WSJ Energy In-Depth
Mediterranean Gas Bounty Suddenly Seems Within Big Oil’s Reach
Big oil companies are pushing into Mediterranean waters off Israel, Lebanon and Egypt after years of U.S. diplomacy helped break open a political logjam around giant Middle Eastern natural-gas discoveries, write the WSJ’s Rory Jones, Sarah Kent and Bradley Olson.
Exxon Mobil Corp., Royal Dutch Shell PLC, Total SA and others are planning to invest in exports and exploration in the Eastern Mediterranean. Their prospects were buoyed by a landmark contract last month between U.S., Israeli and Egyptian firms that breathed new life into the regional market.
The total natural-gas reserves in the waters off Israel, Cyprus and Egypt are estimated at 125 trillion cubic feet, according to Wood Mackenzie, the Scottish energy consultant. That is enough to meet U.S. demand for almost five years.
Physicist Stephen W. Hawking died Wednesday at the age of 76 in the U.K. During his career he came up with the theory that energy could escape from a cosmic phenomenon called a black hole, the result of the collapse of a massive star.
Today: OPEC will release its monthly oil market report. Also the U.S. Energy Information Administration releases production figures.
Thursday: The International Energy Agency issues an oil market report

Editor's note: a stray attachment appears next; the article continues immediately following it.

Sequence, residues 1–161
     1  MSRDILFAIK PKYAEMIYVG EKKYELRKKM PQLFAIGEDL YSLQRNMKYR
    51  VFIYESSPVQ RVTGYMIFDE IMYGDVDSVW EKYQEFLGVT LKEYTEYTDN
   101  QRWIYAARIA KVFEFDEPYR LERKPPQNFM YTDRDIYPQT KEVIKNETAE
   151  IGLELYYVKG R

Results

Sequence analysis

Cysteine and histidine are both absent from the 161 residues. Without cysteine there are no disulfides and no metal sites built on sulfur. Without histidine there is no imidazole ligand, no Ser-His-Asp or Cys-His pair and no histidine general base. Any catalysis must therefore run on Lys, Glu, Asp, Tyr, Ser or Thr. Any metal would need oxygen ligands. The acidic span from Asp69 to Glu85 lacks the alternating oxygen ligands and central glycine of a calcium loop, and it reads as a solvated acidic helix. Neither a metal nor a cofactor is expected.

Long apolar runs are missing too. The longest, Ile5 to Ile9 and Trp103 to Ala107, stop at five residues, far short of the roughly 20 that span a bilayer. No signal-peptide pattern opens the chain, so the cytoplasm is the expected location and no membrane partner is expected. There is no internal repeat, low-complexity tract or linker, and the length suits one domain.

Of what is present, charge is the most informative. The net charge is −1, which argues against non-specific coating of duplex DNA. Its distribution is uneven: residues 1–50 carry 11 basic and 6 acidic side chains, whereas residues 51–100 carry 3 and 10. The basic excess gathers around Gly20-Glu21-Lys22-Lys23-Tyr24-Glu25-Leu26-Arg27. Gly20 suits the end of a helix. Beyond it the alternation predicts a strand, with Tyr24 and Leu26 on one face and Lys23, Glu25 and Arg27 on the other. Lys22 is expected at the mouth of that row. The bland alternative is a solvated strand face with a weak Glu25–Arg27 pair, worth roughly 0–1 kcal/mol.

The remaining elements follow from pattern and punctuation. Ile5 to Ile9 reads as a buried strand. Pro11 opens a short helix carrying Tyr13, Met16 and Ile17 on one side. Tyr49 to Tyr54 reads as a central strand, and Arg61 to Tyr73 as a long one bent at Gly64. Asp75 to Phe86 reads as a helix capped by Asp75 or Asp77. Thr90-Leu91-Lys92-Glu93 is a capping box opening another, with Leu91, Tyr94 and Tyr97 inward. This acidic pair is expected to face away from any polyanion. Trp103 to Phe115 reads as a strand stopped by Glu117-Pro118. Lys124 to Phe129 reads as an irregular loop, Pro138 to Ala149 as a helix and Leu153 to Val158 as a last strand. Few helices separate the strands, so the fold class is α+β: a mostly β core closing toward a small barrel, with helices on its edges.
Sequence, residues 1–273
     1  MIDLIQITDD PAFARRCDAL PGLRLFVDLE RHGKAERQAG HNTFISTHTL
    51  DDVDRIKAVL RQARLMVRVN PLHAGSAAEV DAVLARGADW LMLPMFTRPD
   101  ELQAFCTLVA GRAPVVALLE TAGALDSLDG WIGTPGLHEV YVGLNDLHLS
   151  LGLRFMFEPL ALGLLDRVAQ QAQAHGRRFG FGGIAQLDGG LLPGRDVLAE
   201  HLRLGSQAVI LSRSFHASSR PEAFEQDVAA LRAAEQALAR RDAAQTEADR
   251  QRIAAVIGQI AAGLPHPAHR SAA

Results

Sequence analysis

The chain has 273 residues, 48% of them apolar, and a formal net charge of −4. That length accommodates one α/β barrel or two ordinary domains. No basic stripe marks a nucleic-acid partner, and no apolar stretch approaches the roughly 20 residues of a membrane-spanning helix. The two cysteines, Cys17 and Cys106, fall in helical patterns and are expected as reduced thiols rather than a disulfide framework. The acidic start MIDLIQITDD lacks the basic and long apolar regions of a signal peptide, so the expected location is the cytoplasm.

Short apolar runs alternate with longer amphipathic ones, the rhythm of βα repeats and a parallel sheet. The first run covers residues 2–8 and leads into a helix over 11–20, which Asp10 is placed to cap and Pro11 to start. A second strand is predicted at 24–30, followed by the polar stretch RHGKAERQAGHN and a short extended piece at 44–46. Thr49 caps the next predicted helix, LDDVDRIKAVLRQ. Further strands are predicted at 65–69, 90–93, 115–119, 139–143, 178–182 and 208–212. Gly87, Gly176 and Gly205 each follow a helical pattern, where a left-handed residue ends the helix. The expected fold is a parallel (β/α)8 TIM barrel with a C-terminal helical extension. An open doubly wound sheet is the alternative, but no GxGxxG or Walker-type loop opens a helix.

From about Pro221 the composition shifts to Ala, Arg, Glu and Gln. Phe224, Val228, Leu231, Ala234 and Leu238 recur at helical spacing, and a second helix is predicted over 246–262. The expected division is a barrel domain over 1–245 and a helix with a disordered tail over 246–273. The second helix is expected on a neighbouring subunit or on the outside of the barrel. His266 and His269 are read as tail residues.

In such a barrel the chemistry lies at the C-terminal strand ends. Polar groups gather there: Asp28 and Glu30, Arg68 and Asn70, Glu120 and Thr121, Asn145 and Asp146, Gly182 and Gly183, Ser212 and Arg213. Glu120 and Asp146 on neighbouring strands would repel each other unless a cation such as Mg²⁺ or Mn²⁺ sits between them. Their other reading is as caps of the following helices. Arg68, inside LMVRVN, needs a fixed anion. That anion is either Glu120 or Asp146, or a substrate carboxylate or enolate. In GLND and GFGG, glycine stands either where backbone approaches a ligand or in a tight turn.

April 18–19: IQPC hosts the Oil & Fuel Theft Summit in Geneva. Speakers include Mahmoud Al-Bayati, the director general for counter-terrorism for Iraq, William J. Waggoner, chief executive of the Mexico Petroleum Company.
WSJ correspondent Nicholas Bariyo on France’s oil giant. Total SA is advancing its oil projects steadily in Uganda and hopes to reach a final decision on investment in the country during 2018, with output of crude expected about 36 months later, says Adewale Fayemi, head of Total’s Ugandan unit. Total is closer to developing oil fields in two blocks, and is in the process of training hundreds of locals to work on its projects in the country and along the 800-mile oil-export pipeline, Mr. Fayemi says. It’s a boost for the long-delayed development of Uganda’s 6.5 billion barrels of crude reserves amid improving oil prices. Total, along with China’s Cnooc Ltd., requires $8 billion to develop the oil fields, the output of which could peak at 230,000 barrels a day of crude by 2023.
The WSJ’s March Navarro on corporate earnings. E.On’s adjusted net income in its fourth quarter was 38% higher than consensus expectations, which in CFRA’s opinion reflects a better-than-expected performance from its renewable-energy business. According to the brokerage, favorable wind conditions and the commissioning of new wind farms in the U.S. helped E.On offset the deterioration of its energy-retail business. CFRA analysts also say the German company’s 27% net debt reduction during 2017 is reassuring. However, the equity research firm expects near-term share performance to be dictated by the progress of E.On’s acquisition of Innogy.